by Sen. Sheldon Whitehouse (D-R.I.)
Last year, coal mining executives attending the annual meeting of the Rocky Mountain Coal Mining Institute were treated to a presentation on the future of American mining titled: “Survival Is Victory: Lessons From the Tobacco Wars.” As the title implies, the presentation laid out a path for the fossil fuel industry to weather a barrage of lawsuits and new safety and health regulations, modeled on the efforts of the tobacco industry in the 90s and early 2000s. (See John Schwartz’s story in The New York Times.)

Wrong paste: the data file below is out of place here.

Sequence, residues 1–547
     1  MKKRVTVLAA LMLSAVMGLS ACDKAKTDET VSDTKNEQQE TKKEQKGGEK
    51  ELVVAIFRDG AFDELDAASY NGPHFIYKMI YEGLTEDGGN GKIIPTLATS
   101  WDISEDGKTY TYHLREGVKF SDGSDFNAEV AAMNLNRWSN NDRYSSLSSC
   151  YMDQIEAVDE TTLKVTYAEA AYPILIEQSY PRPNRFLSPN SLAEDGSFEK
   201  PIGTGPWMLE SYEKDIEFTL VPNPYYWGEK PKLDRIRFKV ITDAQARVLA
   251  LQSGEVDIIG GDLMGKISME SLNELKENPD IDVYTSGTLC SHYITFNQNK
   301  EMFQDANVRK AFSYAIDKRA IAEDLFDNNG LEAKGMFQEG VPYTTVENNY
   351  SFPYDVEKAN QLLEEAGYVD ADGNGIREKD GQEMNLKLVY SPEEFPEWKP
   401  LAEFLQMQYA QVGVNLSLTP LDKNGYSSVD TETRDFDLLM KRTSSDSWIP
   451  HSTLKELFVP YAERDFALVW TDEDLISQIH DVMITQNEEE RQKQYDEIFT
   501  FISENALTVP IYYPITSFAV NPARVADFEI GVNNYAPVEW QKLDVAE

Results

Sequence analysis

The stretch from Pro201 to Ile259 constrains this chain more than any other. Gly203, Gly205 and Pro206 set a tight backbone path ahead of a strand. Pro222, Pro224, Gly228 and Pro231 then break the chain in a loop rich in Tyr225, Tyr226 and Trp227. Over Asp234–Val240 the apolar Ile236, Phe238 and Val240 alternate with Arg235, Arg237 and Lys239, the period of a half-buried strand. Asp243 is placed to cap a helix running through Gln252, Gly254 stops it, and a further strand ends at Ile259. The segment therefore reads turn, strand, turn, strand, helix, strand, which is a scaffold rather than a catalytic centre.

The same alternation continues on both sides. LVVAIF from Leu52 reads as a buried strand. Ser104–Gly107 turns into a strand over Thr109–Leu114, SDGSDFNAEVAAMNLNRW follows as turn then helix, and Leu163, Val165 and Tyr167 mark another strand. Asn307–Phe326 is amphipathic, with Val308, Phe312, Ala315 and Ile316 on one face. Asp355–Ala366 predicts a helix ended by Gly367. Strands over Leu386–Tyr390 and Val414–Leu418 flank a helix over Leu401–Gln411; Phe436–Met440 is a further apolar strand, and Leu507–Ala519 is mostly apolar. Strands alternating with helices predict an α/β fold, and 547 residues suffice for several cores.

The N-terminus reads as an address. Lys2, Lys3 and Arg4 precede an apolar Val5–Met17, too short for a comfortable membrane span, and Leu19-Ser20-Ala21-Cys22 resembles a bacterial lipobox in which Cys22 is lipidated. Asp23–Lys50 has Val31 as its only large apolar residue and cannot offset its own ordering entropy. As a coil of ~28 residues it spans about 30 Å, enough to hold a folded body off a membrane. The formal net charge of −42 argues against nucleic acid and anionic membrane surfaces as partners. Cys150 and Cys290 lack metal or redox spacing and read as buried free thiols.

Richard Reavey, the Cloud Peak Energy vice president who delivered the presentation, described the similarities between what Big Tobacco went through and the challenges facing coal today as “remarkable and eerie.” (We should take his word for it. Before working for Cloud Peak, a mining company, Reavey was an executive at tobacco giant Philip Morris for 17 years, according to his LinkedIn profile.) His advice to the coal execs: do what tobacco did and “cut a deal while we are still relevant.” After all, “a much more heavily regulated tobacco industry is still viable and profitable.”
Ironically, Reavey’s presentation on these similarities between tobacco and fossil fuel strategies has a much deeper parallel.